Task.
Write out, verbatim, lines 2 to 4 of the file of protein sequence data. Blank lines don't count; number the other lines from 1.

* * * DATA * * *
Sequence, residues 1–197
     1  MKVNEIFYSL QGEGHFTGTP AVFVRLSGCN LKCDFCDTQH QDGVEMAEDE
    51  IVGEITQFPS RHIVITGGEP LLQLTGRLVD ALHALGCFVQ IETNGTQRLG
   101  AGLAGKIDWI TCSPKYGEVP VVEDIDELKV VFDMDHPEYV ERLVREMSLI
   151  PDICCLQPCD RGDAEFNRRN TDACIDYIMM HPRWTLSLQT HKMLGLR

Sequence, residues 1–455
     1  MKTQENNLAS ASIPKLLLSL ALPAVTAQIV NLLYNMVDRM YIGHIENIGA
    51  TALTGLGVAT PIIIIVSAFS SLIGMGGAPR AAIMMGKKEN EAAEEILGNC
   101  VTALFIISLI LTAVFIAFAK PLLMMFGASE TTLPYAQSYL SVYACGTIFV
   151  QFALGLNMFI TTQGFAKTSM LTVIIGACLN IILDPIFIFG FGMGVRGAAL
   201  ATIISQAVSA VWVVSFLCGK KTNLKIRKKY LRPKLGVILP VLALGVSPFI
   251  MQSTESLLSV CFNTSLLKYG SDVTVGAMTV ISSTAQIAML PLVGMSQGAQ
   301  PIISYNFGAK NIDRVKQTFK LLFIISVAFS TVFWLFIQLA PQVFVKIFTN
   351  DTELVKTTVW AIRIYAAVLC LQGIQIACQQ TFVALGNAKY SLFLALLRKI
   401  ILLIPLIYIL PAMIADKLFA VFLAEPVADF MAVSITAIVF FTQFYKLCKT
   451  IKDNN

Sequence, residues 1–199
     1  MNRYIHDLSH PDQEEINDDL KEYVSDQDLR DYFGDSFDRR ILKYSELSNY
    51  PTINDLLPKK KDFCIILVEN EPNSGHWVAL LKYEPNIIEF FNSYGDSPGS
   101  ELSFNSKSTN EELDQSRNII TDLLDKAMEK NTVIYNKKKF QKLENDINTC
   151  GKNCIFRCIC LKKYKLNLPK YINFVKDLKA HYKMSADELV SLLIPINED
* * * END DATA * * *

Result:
     1  MKVNEIFYSL QGEGHFTGTP AVFVRLSGCN LKCDFCDTQH QDGVEMAEDE
    51  IVGEITQFPS RHIVITGGEP LLQLTGRLVD ALHALGCFVQ IETNGTQRLG
   101  AGLAGKIDWI TCSPKYGEVP VVEDIDELKV VFDMDHPEYV ERLVREMSLI